“Then Mary took a pound of very costly oil of spikenard, anointed the feet of Jesus, and wiped His feet with her hair. And the house was filled with the fragrance of the oil.”
Simon could hardly believe his newly restored eyes. He scanned the room, amazed that he, a former leper, was hosting a meal for Jesus and his friends in his home. The room was buzzing with conversation, heaping dishes of food crisscrossed the table, and Martha was delivering fresh loaves of bread.
It was a supper party of has-beens. Sitting across from the once-deformed social outcast was the once-dead Lazarus. The two men laughed and cried as they retold their stories of Jesus’ miraculous restoration of their lives and limbs.
“Simon, what was it like to see your gnarled fingers and limbs stretch out into wholeness?”
“Lazarus, what was it like to be dead and then suddenly alive?”
Everyone was so enthralled in the conversation, no one noticed when Mary quietly slipped away from the table.
Moments later, she returned with an alabaster flask of very costly spikenard and knelt down at Jesus’ feet. She broke the long neck of the flask, and the fragrant oil began to spill over the jagged top. The conversation stopped, and all eyes turned toward her as she poured the oil over Jesus’ head and feet.
Jesus sat still as the oily perfume cascaded down his hair, pooled on top of his eyebrows, and dripped down into his beard. Mary unfastened her hair and as she knelt over his feet, her long locks tenting her face from the bewildered stares of the supper guests. The once-lively room was quiet except for the soft sound of her crying as she used her hair to wipe away the excess oil at his feet.
The musky perfume filled the air when Judas broke the silence. “Why was this fragrant oil wasted? For it might have been sold for more than three hundred denarii and given to the poor” (Mark 14:4b-5)?
Like a window had been opened that sucked all the air out of the room, the mood changed instantly. Mary, suddenly embarrassed, sat back on her heels and stared at the floor. Several disciples chimed in their support for Judas’s noble-sounding objection.
It did seem like an over-the-top and wasteful thing to do.
Where Your Heart Is, Your Treasure Is Also
But Jesus knew Judas’ motives. He cared nothing for the poor and had been embezzling from the group for years. It was clear to him now that Jesus wasn’t going to overthrow Rome and usher in his earthly kingdom. Judas might as well squeeze every last drop of money out of this deal while he could. The proceeds from the vial alone would’ve at least made up for one year of his wasted time!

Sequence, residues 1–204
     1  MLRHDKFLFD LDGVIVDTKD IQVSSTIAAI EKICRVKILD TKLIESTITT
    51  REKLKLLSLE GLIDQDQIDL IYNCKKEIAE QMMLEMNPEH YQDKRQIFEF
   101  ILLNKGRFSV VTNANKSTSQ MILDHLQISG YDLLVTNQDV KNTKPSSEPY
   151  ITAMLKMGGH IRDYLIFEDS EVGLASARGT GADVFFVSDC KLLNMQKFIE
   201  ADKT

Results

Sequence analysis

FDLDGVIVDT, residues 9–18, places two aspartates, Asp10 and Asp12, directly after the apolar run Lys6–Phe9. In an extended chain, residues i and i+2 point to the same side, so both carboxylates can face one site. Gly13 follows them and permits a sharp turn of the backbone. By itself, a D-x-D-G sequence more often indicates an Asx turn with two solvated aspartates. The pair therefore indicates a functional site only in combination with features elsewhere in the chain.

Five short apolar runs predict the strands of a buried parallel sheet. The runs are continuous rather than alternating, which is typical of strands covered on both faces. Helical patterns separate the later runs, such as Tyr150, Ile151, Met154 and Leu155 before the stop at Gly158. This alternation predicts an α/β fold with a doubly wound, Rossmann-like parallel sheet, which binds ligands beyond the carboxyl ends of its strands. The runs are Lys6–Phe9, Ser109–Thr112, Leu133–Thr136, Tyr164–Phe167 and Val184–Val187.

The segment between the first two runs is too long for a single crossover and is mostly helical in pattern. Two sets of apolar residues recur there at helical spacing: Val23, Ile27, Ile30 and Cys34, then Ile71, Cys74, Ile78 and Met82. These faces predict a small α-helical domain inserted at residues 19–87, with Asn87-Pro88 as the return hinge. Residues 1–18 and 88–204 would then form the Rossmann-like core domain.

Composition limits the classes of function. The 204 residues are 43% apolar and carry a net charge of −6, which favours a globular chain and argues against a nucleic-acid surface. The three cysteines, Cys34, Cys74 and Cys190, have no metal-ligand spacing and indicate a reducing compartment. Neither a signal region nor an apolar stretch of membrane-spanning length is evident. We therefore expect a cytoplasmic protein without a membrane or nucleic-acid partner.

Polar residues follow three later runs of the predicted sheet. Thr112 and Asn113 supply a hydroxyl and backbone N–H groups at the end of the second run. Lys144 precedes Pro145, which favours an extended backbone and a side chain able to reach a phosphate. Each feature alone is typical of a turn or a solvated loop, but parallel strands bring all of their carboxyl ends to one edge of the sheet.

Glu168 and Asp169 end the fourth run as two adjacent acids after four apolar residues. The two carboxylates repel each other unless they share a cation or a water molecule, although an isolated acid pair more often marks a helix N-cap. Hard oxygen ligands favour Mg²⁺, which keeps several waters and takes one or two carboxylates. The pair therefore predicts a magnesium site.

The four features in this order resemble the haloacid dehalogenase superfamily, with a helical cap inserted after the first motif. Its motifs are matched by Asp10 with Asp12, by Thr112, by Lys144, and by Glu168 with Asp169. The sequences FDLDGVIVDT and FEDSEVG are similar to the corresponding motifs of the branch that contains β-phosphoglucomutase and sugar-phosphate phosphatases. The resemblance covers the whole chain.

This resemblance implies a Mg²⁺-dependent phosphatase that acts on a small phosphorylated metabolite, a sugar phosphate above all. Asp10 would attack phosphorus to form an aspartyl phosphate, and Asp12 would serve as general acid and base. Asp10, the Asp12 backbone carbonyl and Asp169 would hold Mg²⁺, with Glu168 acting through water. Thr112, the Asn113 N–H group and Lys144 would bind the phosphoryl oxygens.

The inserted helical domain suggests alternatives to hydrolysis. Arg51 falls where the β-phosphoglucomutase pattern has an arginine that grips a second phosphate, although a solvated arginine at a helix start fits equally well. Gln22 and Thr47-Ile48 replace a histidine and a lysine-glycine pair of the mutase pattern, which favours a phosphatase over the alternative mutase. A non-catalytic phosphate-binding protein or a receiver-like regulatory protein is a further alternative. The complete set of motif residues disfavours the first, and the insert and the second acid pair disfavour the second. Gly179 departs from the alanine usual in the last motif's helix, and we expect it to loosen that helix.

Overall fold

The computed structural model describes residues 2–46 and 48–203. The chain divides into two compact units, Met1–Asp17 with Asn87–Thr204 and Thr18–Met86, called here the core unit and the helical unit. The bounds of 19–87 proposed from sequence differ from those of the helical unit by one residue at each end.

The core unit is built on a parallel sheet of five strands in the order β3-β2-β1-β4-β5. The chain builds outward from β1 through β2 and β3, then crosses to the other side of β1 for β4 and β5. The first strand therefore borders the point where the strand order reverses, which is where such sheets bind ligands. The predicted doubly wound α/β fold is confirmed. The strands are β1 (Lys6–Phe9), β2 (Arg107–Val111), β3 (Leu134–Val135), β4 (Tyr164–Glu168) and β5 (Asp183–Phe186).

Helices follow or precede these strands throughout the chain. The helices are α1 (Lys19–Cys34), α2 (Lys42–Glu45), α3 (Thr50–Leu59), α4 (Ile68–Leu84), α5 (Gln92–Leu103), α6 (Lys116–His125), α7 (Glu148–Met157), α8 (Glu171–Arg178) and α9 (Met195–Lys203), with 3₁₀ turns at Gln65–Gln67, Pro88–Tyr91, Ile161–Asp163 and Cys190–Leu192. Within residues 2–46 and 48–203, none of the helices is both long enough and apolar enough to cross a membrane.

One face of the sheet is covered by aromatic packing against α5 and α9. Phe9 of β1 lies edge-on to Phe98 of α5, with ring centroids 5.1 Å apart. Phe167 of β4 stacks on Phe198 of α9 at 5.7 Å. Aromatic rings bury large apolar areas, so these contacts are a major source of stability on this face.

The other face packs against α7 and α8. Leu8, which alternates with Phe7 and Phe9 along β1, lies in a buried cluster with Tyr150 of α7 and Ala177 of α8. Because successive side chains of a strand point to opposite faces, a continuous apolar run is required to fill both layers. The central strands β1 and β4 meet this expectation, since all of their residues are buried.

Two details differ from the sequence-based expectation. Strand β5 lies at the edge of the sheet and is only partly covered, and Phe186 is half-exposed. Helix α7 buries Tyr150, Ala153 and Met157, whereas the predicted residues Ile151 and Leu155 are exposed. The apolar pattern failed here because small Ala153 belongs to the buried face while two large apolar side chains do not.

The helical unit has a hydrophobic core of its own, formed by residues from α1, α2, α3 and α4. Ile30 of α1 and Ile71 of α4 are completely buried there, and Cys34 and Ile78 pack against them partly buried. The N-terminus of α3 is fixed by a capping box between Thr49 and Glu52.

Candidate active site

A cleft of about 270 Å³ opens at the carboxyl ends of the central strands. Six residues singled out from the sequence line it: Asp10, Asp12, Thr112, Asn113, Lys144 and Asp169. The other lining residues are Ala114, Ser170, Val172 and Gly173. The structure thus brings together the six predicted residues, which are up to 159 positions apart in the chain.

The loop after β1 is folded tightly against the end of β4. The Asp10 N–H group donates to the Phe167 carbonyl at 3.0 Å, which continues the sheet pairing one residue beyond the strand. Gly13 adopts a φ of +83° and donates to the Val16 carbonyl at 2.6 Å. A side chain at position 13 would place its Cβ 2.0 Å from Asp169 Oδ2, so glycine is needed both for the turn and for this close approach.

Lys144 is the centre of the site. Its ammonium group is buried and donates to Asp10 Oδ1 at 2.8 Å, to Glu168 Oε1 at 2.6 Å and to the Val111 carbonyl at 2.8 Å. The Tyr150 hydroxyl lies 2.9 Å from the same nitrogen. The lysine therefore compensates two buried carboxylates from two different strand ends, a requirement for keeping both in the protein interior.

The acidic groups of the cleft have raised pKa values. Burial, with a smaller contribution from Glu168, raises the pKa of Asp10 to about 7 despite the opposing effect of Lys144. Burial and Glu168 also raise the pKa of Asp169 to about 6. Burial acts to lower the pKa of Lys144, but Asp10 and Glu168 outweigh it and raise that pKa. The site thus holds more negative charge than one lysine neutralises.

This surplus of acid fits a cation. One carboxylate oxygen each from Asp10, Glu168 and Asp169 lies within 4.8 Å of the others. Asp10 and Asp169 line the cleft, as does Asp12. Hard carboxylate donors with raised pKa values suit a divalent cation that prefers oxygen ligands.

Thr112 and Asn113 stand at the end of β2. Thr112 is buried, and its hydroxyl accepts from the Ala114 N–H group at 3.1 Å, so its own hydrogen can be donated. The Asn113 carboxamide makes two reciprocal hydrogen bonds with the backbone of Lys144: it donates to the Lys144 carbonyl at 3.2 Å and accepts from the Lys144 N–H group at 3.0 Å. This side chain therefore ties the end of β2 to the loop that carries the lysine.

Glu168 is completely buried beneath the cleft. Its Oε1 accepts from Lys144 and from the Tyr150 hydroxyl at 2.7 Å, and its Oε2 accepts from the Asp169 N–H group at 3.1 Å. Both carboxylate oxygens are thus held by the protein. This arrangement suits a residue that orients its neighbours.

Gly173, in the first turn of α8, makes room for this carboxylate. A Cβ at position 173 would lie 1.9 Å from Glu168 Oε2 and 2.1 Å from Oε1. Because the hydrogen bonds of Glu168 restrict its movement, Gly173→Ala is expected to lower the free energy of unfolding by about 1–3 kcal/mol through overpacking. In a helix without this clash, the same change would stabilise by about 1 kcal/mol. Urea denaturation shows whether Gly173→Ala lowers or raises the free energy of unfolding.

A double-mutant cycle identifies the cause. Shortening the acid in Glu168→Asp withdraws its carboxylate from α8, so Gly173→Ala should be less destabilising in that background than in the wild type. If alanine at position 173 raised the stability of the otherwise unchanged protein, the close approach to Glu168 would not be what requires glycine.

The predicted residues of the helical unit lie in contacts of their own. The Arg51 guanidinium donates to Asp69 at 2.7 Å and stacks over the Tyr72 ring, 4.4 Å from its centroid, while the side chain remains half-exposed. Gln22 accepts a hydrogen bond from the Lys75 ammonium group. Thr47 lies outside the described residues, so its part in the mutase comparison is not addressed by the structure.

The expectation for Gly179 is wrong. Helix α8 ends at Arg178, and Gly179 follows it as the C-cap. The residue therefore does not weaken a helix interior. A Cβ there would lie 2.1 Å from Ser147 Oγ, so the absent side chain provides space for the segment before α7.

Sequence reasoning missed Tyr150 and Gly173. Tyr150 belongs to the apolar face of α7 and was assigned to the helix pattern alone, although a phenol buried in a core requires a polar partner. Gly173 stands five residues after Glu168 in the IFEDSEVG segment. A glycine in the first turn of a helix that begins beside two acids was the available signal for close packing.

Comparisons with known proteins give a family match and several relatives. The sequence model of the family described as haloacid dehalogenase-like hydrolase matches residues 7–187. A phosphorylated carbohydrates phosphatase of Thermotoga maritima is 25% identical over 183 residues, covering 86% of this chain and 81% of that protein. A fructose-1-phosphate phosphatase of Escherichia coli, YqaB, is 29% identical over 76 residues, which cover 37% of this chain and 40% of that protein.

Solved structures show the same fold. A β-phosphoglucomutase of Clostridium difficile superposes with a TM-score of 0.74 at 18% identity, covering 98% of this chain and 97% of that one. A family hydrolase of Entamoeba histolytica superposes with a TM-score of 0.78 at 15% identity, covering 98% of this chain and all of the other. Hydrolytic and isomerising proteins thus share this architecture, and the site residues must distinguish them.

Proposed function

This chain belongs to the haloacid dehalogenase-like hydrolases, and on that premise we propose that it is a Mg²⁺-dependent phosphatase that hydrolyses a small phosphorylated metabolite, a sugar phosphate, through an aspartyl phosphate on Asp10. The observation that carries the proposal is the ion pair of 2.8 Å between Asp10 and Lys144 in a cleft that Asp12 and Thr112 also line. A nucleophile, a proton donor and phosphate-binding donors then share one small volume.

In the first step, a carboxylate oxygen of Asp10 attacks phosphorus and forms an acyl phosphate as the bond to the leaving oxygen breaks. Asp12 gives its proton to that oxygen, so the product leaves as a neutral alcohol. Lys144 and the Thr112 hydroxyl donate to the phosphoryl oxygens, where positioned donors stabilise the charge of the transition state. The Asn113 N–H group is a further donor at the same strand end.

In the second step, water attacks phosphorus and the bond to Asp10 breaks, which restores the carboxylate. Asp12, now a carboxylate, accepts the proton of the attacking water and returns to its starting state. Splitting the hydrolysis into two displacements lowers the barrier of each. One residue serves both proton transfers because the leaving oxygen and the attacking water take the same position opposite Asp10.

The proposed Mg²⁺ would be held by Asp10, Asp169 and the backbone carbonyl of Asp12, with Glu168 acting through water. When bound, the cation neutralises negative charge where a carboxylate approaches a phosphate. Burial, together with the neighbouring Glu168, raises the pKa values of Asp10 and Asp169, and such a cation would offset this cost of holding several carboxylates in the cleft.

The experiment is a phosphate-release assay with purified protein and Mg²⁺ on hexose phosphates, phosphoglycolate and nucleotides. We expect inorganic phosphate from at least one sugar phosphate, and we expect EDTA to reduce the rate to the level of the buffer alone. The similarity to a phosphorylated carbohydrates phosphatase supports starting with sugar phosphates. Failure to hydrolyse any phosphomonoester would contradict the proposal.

Jesus rebuked him and affirmed Mary’s actions and priorities. He said, “Let her alone; she has kept this for the day of my burial. For the poor you have with you always, but me you do not have always” (John 12:7-8). This extravagant act wasn’t a waste, it was worship, and it revealed everything about what both Mary, and Judas, treasured.
What Do You Treasure?
Judas who knew the price of everything had no idea of the infinite value of the treasure right in front of his eyes. As far as he was concerned, Mary had just wasted a fortune’s worth of oil and needlessly poured it onto the floor.
But Mary knew that no earthly treasure was worth having if it kept her from lavishly pouring out her love for Jesus. It only made sense that the cost should compare to the value of the object of her worship. She saw Jesus as a treasure hidden in a field and was willing to give all that she had in order to attain it (Matthew 13:44).
Worship is Never Wasted
While Mary’s expensive spikenard was used one time, Jesus said it would never be forgotten. He said, “Assuredly, I say to you, wherever this gospel is preached in the whole world, what this woman has done will also be told as a memorial to her” (Matthew 26:13).
Nothing given to Jesus in worship is ever wasted! How can a life poured out in sacrificial love to the one true Treasure, ever be lost? The preciousness of the Treasure is displayed for all the world to see in what we’re willing to “waste” for it.
Are you “wasting” your life for what is truly valuable? If we pour out our lives and our worship for the all-surpassing Treasure that’s found in Jesus Christ, we’ll never be left wanting. Waste not, want not. Let’s pour it all out for Jesus, for he alone is worthy!
Seeking to treasure him above all else,
P.S. This is the first post in a new Easter Series, The Wonderous Cross. Download the free coloring book and follow along as we inch closer to the Cross.